Loan charges and taxation

A number of constituents have raised the issue with me again about the tax treatment of loan charges. They point out they took advice and signed up to the scheme. They notified the tax authorities who raised no issues with it at the time, only to face large tax charges more recently often going back many years.

I have taken this up with the government on several occasions, querying the failure of the Tax Authorities to raise issues when the taxpayer first notified them of what they were doing, and asking clarification over the retrospective claiming of tax on these sums. The latest debate on these matters was curtailed by the water ingress to Westminster last week. The replies I have had from the government make clear they think tax is owing and they intend to continue with attempts to levy it from taxpayers. Each individual case is different over timing, size of payments and other matters. Constituents who think the government is in the wrong legally need to consider what legal action they can take, probably with others. It is always wise to find out what the strength of the case is and how much it might cost before committing. It is also a good idea to engage the accountant or tax adviser who assisted with the scheme in the first place, as they should help and should have some responsibility, where they can be traced.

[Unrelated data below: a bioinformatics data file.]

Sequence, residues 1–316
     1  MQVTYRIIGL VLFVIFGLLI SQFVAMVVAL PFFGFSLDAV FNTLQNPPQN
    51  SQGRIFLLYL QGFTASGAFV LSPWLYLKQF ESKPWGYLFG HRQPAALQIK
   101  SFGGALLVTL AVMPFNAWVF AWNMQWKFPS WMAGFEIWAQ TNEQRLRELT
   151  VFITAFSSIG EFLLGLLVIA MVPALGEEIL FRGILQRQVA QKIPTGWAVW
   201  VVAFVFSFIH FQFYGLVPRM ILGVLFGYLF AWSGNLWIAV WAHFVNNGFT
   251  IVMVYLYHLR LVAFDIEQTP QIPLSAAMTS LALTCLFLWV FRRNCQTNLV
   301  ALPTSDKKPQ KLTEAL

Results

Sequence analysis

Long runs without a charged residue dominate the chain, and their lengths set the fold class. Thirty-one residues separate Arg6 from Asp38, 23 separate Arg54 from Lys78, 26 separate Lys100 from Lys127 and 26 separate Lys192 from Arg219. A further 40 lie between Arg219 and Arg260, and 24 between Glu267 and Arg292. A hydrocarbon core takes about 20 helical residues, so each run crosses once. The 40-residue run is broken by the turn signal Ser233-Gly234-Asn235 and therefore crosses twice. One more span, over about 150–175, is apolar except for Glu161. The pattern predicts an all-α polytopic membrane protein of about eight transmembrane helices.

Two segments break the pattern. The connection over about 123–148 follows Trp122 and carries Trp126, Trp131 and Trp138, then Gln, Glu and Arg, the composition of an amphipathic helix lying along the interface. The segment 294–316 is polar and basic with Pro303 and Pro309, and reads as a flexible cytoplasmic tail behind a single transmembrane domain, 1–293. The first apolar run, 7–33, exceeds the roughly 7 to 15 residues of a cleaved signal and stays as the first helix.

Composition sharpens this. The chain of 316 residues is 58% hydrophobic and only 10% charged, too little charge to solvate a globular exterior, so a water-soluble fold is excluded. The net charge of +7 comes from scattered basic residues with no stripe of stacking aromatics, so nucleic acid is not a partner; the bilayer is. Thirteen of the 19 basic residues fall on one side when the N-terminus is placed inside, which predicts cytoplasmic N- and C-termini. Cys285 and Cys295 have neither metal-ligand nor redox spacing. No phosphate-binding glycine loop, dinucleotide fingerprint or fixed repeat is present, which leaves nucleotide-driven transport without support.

1. Dominic Johnson
    April 7, 2019

    You are responsible for your own tax affairs
    HMRC *never* says what you have done is correct, they merely acknowledge that you have said what you have done is correct.

    HMRC is being shockingly lenient in these cases, by not pursuing people who called income, “loans”, for tax evasion and fraud.
    Merely demanding they pay the tax owed

  2. oneminutemoneymag...
    April 8, 2019

    Sound practical advice

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